TikTok Australia: We Really, Really Promise We’ve Got Nothing to Do with China

TikTok Australia: We Really, Really Promise We’ve Got Nothing to Do with China
Supplied: APH

It’s been a funny couple of months for TikTok. For most of this year, the platform’s parent company, ByteDance, has come under scrutiny for its links to China. This lead to a ‘sale’ of the company’s US operations. And it’s that fear of Chinese influence that remains top of mind for Australia’s political leaders.

On Friday, representatives from TikTok Australia and TikTok in the U.S. appeared in front of the Senate Select Committee into Foreign Interference through Social Social Media.

While the Committee’s name is strictly about the idea of foreign influence, the committee itself has a wider remit including but not limited to misinformation, compliance with Australian laws and ways to mitigate any “risk posed to Australian democracy and values”.

And the senators who appeared on the committee really took advantage of that wide purview, asking questions about everything from whether humans are deciding what you see on the app’s For You section to what qualifies as ‘user data’.

Does TikTok Australia give data to China?

But the main flavour of the day was whether TikTok is under the thumb of the China? Is it giving Australian data to China? Is President Xi himself deciding what TikTok sounds trend? (OK, not the last one.)

The answer from TikTok Australia’s general manager Lee Hunter was an emphatic ‘no’.

The company restated the same line that it’s been trotting out since Australian media covered fears that the company was data mining from its 1.6million Australian users: the company doesn’t share information of the users with any foreign government, including China, and wouldn’t do so if asked.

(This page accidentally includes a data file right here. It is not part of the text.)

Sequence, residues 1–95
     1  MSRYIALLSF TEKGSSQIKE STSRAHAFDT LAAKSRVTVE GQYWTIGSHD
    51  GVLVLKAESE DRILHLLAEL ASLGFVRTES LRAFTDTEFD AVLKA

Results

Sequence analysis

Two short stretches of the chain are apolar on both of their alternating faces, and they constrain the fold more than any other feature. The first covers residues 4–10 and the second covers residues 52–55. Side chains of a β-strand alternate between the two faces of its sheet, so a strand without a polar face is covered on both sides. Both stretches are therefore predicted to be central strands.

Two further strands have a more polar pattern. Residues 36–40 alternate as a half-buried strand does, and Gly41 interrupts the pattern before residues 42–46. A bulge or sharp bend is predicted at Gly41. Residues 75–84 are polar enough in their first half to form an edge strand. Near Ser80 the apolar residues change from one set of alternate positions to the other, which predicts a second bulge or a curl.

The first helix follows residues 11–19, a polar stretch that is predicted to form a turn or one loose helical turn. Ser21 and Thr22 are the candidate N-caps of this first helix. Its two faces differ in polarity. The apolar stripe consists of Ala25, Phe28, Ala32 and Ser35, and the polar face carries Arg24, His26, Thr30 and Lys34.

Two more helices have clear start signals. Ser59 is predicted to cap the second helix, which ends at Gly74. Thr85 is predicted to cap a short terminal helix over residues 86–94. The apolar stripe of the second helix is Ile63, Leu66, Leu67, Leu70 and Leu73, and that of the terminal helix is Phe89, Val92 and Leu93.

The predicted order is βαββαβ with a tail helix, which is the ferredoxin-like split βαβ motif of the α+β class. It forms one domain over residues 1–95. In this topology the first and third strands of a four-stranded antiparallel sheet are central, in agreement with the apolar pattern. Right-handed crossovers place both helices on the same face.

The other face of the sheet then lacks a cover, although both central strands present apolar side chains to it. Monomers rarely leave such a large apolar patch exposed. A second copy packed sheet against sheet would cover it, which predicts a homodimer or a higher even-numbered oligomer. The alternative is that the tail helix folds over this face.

There’s no evidence to doubt that claim. And, if anything, worrying about whether the Chinese Communist Party is going to demand TikTok Australia hands over data is missing the point.

After all, we live in a digital economy where data about us is constantly mined, sold, given and stored by many different companies and organisations that it doesn’t matter who owns TikTok. If any foreign government wants our data, it can just buy it off a company legally!

But that’s not what was discussed at the committee. Senators honed in on whether the CCP was controlling what videos were shown to users, if they were censoring political content in Australia, whether TikTok Australia would abide by different Chinese laws or legal articles.

But Hunter and the other TikTok representatives parried all these lines of inquiry by trying to make a distinction between TikTok Australia and any Chinese influence.

Outside of questions about China’s influence, the Committee touched on a few different topics:

And if this all wasn’t enough, the Committee chair, Senator Jenny McAllister, asked the TikTok representatives if they would appear again in front of the committee as part of their on-going investigations. So, expect a round two later this year.